Yellow, a major conference sponsor, presented a case study from Rolex showing how the anonymity of online B2B selling is equally confusing. There are companies offering fake Rolex timepieces in large quantities. Yellow continually pursues thousands of cases of fakes across the internet globally and despite the plethora of copies of luxury brands, it claims you can regain control. Yellow helps brands to find and flush out the perpetrators and warns purchasers to watch out for country of origin, large quantities offered and special offers which are generally warning signs of fakes.
Delegates were warned to scan property leases carefully when negotiating concessions at airports and luxury shopping centres. An example was given by two delegates where they have faced contractual issues in negotiating bricks and mortar contracts at Westfield.
Tricky clauses have been inserted imposing a % of returns for click and collect sales too. The line Westfield has taken is that it is offering a benefit for the ‘collect’ aspect of this. Generally prospective tenants have these clauses removed from their contracts and moreover, they are cumbersome to prove and manage. Nevertheless, this highlights some issues with the convergence of the clicks and bricks concept.
On a pure e-commerce front, Yieldify overcomes some of the legal issues with customer retention and attribution. Yieldify places ads on social media which take you to their proprietary site where you sign up to T&Cs, legally allowing yourself to be tracked and tagged.
When you subsequently visit a website and are attempting to leave before completing an online purchase, you are served up a message with an offer in an attempt to retain you – maybe a bespoke luxury handbag. Yieldify claims to have mastered the art of managing “exit intent” by converting customers back into buyers just before they abandon the site.
A tag allows them to report on user behaviour so that offers can be tailored and they do so legally without infringing data protection. Given Yieldify claims that 75% of customers abandon carts when they actually intended to make a purchase, this must be worth considering.
Wearable technology was an important part of the conference discussion as it is a growing phenomenon extending far beyond the Apple watch. Infringements have come into play in cases such as the Ralph Lauren “Smart Shirt” where the clothing retailer has been pursued for copying a special textile using compression technology to measure heart rate and breathing. Pioneered by Sarvint Technologies using speciality fibres, the Smart Shirt is one of the first cases where technology and fashion converge and Sarvint claims that Ralph Lauren is preventing it from being able to raise capital and build its brand. In another case G-Star Raw has brought a case against Rhodi clothing company for copying its design for specially creased jeans technology.
Key concerns facing luxury brands
Case histories, then, are a plenty and new examples hit the media weekly. At the MIP conference these examples clearly brought to light serious issues having a bearing on the future of brand protection and posing difficulties for legal counsel.
The first issue is the extent to which companies have to go in an international world to protect their brands and the limited resources they have to do this. Even large global retailers cited budget as a restriction in being able to pursue every infringement discovered. Budget restrictions also require you to choose carefully what your portfolio of IP protection will be – especially when working in an international arena where you may have to register a mark in multiple languages in just one country (China for instance).
Second was the blatant extent to which criminals will go to make money out of a brand as seen in the case of Vertu.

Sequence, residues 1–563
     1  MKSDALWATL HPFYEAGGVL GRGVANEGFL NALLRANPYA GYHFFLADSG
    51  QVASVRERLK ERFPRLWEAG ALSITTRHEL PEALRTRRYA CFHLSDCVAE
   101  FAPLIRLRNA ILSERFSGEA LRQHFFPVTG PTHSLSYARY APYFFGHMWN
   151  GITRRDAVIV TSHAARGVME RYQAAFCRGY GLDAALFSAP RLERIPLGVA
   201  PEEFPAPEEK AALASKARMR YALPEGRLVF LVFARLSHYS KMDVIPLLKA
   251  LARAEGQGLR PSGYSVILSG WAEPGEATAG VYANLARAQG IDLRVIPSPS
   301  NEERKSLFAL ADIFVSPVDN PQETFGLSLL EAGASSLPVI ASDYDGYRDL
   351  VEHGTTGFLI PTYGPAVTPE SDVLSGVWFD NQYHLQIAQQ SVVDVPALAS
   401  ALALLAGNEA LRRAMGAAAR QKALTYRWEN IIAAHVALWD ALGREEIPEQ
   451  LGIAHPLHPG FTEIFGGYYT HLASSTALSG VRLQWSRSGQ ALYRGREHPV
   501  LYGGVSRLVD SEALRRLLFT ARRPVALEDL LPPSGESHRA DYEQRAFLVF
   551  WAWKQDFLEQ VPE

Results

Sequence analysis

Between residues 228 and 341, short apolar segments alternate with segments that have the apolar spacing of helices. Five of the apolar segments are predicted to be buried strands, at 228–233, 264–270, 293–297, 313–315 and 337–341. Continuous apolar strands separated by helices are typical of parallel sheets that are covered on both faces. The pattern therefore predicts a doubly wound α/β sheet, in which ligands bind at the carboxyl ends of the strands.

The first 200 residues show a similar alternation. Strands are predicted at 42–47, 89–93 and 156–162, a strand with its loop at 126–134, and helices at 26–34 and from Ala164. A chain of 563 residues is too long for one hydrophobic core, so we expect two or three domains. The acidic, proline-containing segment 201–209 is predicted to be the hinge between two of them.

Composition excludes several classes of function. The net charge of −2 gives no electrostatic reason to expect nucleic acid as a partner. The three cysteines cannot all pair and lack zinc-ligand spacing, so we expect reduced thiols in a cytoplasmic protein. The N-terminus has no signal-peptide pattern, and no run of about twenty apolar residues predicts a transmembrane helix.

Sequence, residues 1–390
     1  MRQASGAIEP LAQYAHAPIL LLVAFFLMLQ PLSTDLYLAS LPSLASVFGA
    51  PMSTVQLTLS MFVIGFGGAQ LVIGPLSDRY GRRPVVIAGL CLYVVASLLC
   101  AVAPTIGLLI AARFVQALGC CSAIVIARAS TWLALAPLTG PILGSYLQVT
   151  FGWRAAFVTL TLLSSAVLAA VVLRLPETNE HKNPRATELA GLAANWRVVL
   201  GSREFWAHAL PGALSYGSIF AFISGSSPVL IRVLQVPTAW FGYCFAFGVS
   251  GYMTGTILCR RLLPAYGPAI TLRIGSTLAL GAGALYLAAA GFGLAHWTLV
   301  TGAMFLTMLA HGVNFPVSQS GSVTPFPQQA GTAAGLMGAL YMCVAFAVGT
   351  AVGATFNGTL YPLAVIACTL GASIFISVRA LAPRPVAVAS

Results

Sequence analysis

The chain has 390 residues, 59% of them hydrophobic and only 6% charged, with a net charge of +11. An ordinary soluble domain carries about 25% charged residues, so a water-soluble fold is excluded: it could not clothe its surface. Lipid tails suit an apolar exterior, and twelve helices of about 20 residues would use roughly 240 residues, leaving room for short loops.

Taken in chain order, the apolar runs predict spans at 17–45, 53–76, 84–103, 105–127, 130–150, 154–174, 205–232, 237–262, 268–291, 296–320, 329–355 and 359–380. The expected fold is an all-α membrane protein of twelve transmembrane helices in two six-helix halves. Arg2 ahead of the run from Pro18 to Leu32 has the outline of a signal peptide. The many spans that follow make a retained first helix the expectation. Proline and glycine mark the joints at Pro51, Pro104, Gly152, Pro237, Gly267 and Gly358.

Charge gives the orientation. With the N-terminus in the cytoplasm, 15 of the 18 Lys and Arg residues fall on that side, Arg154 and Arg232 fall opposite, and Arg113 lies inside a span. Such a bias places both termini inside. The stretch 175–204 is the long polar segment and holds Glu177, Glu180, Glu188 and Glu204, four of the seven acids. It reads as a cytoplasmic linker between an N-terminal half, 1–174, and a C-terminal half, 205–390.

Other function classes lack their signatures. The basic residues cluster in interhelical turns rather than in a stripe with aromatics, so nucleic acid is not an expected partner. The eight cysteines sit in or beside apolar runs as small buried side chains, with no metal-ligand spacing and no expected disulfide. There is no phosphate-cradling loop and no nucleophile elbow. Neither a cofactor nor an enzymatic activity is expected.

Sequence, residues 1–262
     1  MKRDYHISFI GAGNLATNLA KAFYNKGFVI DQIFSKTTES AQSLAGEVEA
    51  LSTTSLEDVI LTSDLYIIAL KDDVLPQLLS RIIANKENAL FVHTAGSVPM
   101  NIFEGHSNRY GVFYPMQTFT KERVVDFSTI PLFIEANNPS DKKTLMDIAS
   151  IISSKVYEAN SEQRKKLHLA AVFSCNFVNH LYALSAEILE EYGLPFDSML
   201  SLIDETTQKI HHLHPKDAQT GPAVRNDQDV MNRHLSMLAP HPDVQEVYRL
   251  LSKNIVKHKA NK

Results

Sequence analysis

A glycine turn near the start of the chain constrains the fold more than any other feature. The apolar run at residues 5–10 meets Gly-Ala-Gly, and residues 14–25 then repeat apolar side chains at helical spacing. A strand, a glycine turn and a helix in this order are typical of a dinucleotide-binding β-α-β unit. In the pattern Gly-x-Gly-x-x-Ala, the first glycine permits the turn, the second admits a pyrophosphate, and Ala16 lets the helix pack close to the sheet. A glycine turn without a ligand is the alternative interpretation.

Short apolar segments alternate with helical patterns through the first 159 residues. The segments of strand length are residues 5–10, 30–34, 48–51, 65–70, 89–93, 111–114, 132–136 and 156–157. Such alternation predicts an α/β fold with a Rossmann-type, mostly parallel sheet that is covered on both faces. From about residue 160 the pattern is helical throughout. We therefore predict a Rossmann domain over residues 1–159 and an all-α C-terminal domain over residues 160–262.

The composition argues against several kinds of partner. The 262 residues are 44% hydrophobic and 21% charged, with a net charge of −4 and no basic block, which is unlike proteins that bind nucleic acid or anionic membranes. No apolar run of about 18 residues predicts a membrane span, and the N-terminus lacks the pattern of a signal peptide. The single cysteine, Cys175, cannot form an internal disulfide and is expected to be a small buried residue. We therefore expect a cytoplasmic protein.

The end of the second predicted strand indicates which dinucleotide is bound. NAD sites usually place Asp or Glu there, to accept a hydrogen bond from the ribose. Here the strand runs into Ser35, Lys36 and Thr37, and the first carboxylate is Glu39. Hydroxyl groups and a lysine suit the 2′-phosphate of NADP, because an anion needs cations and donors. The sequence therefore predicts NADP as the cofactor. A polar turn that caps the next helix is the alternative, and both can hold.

Third is the importance of making the right decision as to whether to license a design or a patent or trademark. In many cases designs are not registered, however it can afford better protection. Surprisingly, in China it appears to be the only real means of protection and must be done first, in China, before any other market otherwise it does not pass the ‘novelty’ factor of being a new innovation. Land Rover came a cropper as a result of this ‘first to file’ idiosyncrasy in China as have other automotive brands including Ford in Russia when attempting to trademark its logo. Ben Wright of Land Rover also warned against attempting to register partial designs such as a line on a car – this is not possible to do in China.
In China there are also many horror stories of companies registering their brands in English and not in Mandarin as in the case of Michael Jordan sports brand vs. Qiaodan. In this case another local party registered the Mandarin equivalent as a result of which they now have a strong market legally selling similar products or virtual copies of the original. As if this is not bad enough, the principal luxury proprietor can even be sued for introducing their original product and corporate identity into a market where a perpetrator has pre-registered it!
Another issue is bureaucracy, especially in India. Where time is critical in launching a brand in a new market, it is not unusual for commercial decisions to have to be weighed up against legal expediency.
Finally, it is horrifying to hear just how far criminals will go to line their pockets. Stories were cited such as acquiring shipping manifests, factory managers running moonlighting nightshifts, manufacturers stealing CAD files sent in good faith and copying designs were all not uncommon.
On the plus side, it does now hold true that intentional infringement of a registered design has serious repercussions and that rights across the portfolio of options for legal counsel are being shored up.
The luxury industry is enjoying 10-15% yoy growth and with one third of these sales taking place in Asia, managing intellectual property is serious business. According to PWC 31% of British consumers who bought fakes, thought they were buying the genuine article.
Use it or lose it was the motto of the day and protecting a luxury brand is becoming more complex in the global market. Persistence is advised, keep going as far as your budget allows. Both design and trademark rights are an important part of you IP portfolio and developments in technology such as wearable tech (a market estimated by TMR to be $5.8bn by 2018) creates added complications for in-house counsel.
A final piece of advice from Nick Kounoupias, Chief Counsel of ACID an organization fighting copyright infringement is apt to conclude this conference: Don’t try and do everything on your own; all luxury brands face similar problems and have made the same mistakes so collaborate and pull together to tackle the problems.
This was the inaugural MIP Luxury forum and the entire programme and conference organization was excellent. The venue and facilities were appropriate, the content and topics entirely relevant and the calibre of delegates and speakers second to none. Pressing issues were faced head on and the nitty gritty dealt with from differing perspectives.